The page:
The Imus Lynch Party
by Patrick J. Buchanan
by Patrick J. Buchanan
Are we really a better country because, after he was publicly whipped for 10 days as the worst kind of racist, with whom no decent person could associate, he was thrown off the air?
Cards on the table.
This writer works for MSNBC, has been on the Imus show scores of times, watches Imus every morning, and likes the show, the music and the guys: the I-Man, Bernie, Charles and Tom Bowman.
And Imus is among the best interviewers in our business. Not only does he read and follow the news closely, he listens and probes as well as any interviewer in America. Because he is a comic, people mistake how good a questioner he is.
Is "Imus in the Morning" outrageous? Over the top at times? Are things said every week, if not every day, where you say, "He's going too far"? Yeah. But outrageousness is part of the show, whether the skits are of "Teddy Kennedy," "Reverend Falwell," "Mayor Nagin" or "The Cardinal."
And when Imus called the Rutgers women's basketball team "tattooed ... nappy-headed ho's," he went over the top. The women deserved an apology. There was no cause, no call to use those terms. As Ann Coulter said, they were not fair game.
But Imus did apologize, again and again and again.
And lest we forget, these are athletes in their prime, the same age as young women in Iraq. They are not 5-year-old girls, and they are capable of brushing off an ignorant comment by a talk-show host who does not know them, or anything about them.
Who, after all, believed the slur was true? No one.
Compare, if you will, what was done to them — a single nasty insult — to the savage slanders for weeks on end of the Duke lacrosse team and the three players accused by a lying stripper of having gang-raped her at a frat party.
Duke faculty and talking heads took that occasion to vent their venom toward all white "jocks" on college campuses. Where are the demands for apologies from the talk-show hosts, guests, Duke faculty members and smear artists, all of whom bought into the lies about those Duke kids — because the lies comported with their hateful view of America?
And hate is what this is all about.
While the remarks of Imus and Bernie about the Rutgers women were indefensible, they were more unthinking and stupid than vicious and malicious. But malice is the right word to describe the howls for their show to be canceled and them to be driven from the airwaves — by phonies who endlessly prattle about the First Amendment.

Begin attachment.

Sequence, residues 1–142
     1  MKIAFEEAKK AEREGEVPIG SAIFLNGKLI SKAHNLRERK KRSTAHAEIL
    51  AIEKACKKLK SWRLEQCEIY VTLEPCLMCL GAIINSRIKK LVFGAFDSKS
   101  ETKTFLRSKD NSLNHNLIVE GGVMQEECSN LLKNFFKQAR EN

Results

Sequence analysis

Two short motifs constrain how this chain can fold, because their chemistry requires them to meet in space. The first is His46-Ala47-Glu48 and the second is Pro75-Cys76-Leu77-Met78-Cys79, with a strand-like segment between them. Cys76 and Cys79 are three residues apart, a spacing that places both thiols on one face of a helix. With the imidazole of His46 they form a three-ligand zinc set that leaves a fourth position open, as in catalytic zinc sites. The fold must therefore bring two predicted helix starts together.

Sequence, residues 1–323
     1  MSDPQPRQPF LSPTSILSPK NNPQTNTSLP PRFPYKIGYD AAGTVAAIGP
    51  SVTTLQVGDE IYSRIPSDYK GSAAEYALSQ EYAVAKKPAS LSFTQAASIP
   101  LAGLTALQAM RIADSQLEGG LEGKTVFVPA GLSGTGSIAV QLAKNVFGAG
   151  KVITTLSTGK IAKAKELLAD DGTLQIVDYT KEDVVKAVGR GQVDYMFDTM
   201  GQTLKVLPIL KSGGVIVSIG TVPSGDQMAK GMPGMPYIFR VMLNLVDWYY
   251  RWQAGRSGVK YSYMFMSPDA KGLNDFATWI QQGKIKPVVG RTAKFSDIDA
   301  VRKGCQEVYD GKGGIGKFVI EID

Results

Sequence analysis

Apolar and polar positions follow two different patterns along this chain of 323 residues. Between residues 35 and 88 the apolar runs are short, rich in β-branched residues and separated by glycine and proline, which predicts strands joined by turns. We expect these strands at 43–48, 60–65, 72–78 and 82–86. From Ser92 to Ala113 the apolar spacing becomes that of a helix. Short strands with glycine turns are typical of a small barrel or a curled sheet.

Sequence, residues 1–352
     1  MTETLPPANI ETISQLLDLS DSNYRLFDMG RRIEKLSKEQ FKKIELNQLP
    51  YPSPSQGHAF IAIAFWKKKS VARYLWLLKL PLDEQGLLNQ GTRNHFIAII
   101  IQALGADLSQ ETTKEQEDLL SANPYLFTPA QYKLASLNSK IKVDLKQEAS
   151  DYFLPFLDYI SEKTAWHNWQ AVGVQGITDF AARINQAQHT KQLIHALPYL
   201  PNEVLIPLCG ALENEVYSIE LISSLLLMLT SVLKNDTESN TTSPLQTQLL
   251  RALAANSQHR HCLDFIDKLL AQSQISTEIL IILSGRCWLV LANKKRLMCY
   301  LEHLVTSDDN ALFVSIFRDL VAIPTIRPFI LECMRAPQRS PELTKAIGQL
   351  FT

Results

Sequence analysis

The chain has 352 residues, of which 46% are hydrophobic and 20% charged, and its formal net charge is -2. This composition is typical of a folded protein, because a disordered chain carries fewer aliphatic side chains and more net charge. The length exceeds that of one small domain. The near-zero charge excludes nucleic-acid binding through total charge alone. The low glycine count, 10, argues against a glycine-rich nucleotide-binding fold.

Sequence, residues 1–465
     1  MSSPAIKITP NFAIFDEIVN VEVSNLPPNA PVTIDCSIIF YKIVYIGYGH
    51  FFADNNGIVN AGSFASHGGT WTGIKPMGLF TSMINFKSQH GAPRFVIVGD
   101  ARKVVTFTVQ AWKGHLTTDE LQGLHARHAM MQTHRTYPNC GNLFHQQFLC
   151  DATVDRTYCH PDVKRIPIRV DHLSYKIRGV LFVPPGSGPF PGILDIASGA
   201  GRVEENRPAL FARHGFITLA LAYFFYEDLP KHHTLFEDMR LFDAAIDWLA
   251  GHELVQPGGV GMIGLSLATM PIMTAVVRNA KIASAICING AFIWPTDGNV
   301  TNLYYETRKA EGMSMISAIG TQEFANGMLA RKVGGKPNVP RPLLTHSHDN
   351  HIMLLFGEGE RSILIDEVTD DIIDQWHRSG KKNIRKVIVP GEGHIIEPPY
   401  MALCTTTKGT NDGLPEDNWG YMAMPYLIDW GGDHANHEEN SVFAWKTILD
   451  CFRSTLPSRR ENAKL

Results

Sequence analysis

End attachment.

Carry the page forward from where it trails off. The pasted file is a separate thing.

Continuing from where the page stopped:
The hypocrisy here was too thick to cut with a chainsaw.
What was the term the I-Man used? It was "ho's," slang for whores, a term employed ad infinitum et ad nauseam by rap and hip-hop "artists." It is a term out of the African-American community. Yet, if any of a hundred rap singers has lost his contract or been driven from the airwaves for using it, maybe someone can tell me about it.
If the word "ho's" is a filthy insult to decent black women, and it is, why are hip-hop artists and rap singers who use it incessantly not pariahs in the black community? Why would black politicians hobnob with them? Why are there no boycotts of the advertisers of the radio stations that play their degrading music?
Answer: The issue here is not the word Imus used. The issue is who Imus is — a white man, who used a term about black women only black folks are permitted to use with impunity and immunity.
Whatever Imus' sins, no one deserves to have Al Sharpton — hero of the Tawana Brawley hoax, resolute defender of the fake rape charge against half a dozen innocent guys, which ruined lives — sit in moral judgment upon them.
"It is our feeling that this is only the beginning. We must have a broad discussion on what is permitted and not permitted in terms of the airwaves," says Sharpton. It says something about America that someone with Al's track record can claim the role of national censor.
Who is next? And why do we take it?
I did a bad thing, but I am not a bad person, says Imus. Indeed, whoever used his microphone to do more good for more people — be they the cancer kids of Imus Ranch, the families of Iraq war dead now more justly compensated because of the I-Man or the cause of a cure for autism?
"We know of no spectacle so ridiculous as the British public in one of its periodic fits of morality," said Lord Macaulay. Unfortunately, Macauley never saw the likes of the Revs. Sharpton and Jackson.
Imus threw himself on the mercy of the court of elite opinion — and that court, pandering to the mob, lynched him. Yet, for all his sins, he was a better man than the lot of them rejoicing at the foot of the cottonwood tree.
April 13, 2007
Copyright © 2007 Creators Syndicate